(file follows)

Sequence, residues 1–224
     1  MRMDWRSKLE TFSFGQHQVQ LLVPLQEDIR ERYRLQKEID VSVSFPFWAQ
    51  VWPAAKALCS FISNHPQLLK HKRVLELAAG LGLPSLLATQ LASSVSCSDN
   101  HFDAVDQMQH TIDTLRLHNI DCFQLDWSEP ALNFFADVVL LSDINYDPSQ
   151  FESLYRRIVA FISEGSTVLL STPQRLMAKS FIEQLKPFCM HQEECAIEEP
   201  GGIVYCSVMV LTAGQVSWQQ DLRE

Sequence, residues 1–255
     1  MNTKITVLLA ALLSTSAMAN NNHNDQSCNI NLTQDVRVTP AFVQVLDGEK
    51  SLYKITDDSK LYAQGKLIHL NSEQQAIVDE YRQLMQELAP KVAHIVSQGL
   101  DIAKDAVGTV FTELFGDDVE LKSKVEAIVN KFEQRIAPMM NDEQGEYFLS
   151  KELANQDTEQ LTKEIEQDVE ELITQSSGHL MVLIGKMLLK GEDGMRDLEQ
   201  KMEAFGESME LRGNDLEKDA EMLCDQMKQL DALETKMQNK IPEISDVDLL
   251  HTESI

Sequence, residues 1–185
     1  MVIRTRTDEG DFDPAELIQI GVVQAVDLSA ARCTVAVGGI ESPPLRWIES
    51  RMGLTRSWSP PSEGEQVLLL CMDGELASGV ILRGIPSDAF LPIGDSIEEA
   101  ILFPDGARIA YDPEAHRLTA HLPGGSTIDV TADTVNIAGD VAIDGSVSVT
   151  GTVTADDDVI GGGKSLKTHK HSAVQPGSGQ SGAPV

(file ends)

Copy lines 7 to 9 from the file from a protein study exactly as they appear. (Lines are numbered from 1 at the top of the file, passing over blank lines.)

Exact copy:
Sequence, residues 1–255
     1  MNTKITVLLA ALLSTSAMAN NNHNDQSCNI NLTQDVRVTP AFVQVLDGEK
    51  SLYKITDDSK LYAQGKLIHL NSEQQAIVDE YRQLMQELAP KVAHIVSQGL